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Keywords:

• Calibration;
• Cytogenetic dosimetry;
• Dependent Dirichlet process;
• Dose–response curve;
• Markov chain Monte Carlo;
• Nonparametric mixture models

Summary

We develop a Bayesian nonparametric mixture modeling framework for quantal bioassay settings. The approach is built upon modeling dose-dependent response distributions. We adopt a structured nonparametric prior mixture model, which induces a monotonicity restriction for the dose–response curve. Particular emphasis is placed on the key risk assessment goal of calibration for the dose level that corresponds to a specified response. The proposed methodology yields flexible inference for the dose–response relationship as well as for other inferential objectives, as illustrated with two data sets from the literature.

1. Introduction

The quantal bioassay dose–response setting has been valuable in many fields, from ecology to medicine. Though quantitative measurement of a response is preferred, there are several experiments for which the response can only be recorded on a binary scale, either occurring or not occurring. The dose–response relationship is based on observed data from experimental animal, human clinical, or cell studies. In these types of settings, as the level of exposure increases, the responses generally become more severe. However, within a population, a wide range of responses may be encountered as some individuals are more susceptible and others resistant.

Regarding the quantal response data structure, at each of a typically small number of dose levels, a number of subjects are exposed to the substance and the subset that have the response of interest is recorded. The dose–response curve, denoted by , is defined as the probability of positive response as a function of dose x. One of the standard assumptions in the analysis of quantal bioassay problems is that is a non-decreasing function and can therefore be modeled as a distribution function. Under this assumption, the distribution corresponding to is referred to as the tolerance distribution. In parametric modeling, is assumed to be a member of a parametric family of distribution functions. Standard parametric models, such as probit or logit models, are simple to implement but do not have the ability to capture complex curves, including skewness and multimodality.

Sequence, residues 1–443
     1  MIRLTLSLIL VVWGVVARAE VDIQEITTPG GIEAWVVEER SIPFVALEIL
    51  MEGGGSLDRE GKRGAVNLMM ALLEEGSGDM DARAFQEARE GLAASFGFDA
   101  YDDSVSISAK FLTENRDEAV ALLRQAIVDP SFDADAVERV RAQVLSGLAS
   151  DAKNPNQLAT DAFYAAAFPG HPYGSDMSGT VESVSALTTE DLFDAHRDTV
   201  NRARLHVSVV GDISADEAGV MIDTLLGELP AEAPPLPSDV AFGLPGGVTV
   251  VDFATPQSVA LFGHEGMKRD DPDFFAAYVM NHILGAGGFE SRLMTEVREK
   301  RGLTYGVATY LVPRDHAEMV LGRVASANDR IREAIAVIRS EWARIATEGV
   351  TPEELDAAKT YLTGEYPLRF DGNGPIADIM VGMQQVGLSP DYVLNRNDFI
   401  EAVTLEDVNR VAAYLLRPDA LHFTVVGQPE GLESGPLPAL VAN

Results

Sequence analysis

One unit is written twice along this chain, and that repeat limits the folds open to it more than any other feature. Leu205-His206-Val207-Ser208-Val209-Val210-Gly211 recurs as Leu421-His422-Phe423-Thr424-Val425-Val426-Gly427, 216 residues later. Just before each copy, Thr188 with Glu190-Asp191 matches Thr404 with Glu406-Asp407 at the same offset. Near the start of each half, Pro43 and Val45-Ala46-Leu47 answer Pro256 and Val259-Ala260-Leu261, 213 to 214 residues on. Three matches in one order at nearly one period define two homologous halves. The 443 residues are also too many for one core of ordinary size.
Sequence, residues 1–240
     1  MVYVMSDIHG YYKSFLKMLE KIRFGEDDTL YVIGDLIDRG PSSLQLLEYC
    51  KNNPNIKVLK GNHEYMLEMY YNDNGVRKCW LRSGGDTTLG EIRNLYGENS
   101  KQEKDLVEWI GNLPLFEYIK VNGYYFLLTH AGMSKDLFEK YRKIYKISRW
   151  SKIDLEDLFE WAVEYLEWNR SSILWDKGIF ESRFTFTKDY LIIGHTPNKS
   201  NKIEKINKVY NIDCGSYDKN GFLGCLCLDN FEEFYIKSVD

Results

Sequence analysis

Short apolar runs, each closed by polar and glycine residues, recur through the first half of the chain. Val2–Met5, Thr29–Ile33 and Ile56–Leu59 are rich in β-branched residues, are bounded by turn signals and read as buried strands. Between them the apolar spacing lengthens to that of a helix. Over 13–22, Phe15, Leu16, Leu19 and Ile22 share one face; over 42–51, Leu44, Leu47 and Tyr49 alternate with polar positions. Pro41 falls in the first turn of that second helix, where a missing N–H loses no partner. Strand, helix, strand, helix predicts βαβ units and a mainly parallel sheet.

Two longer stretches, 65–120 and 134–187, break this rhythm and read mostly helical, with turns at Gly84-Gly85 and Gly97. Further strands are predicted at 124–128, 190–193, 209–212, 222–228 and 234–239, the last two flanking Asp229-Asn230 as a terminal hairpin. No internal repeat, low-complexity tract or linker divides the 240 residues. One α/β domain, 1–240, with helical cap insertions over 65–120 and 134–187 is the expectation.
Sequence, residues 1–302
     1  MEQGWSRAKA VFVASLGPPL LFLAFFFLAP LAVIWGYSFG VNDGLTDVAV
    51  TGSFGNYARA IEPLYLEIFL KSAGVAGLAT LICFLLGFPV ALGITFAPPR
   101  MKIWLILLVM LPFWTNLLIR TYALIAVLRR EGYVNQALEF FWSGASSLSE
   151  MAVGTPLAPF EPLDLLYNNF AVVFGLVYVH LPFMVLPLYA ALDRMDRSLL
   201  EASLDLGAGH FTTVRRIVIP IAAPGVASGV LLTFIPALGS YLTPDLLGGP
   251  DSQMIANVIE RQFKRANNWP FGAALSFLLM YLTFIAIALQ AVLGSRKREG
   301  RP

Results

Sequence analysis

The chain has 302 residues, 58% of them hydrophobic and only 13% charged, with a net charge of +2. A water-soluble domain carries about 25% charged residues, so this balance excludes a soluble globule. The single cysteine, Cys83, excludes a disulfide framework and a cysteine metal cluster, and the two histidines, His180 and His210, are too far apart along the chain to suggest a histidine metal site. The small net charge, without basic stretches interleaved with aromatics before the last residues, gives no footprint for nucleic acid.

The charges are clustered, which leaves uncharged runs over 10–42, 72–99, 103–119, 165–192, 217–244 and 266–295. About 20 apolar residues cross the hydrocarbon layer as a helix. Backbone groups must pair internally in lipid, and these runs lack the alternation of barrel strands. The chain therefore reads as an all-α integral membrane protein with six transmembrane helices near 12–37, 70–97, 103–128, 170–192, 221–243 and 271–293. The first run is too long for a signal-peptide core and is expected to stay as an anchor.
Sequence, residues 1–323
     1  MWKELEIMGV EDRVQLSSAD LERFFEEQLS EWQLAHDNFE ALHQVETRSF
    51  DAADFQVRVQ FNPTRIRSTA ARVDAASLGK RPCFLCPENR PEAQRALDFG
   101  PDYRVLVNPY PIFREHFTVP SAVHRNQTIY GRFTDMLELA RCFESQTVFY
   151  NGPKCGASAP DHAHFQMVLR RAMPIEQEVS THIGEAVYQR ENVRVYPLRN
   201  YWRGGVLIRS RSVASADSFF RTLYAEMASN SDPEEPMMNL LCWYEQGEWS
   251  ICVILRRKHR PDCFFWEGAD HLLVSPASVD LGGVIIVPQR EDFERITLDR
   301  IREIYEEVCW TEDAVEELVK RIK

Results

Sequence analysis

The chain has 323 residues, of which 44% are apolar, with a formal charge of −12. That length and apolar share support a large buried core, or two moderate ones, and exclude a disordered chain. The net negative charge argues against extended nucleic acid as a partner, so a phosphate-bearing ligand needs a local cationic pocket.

To extend the inferential scope of standard models, finite mixtures for the tolerance distribution have been considered in the literature. Lwin and Martin (1989) present a location-scale mixture model, which is developed based on the idea of a finite number of unobserved, underlying subpopulations. Geweke and Keane (1999) propose mixtures of probit models to more accurately describe the shape of the dose–response curve, while Basu and Mukhopadyay (2000) use a finite scale mixture of normal distribution functions. In addition to theoretical advantages, Bayesian nonparametric mixture priors, as developed in this article, offer practical benefits relative to finite parametric mixtures with respect to Markov chain Monte Carlo (MCMC) posterior simulation as well as prior specification.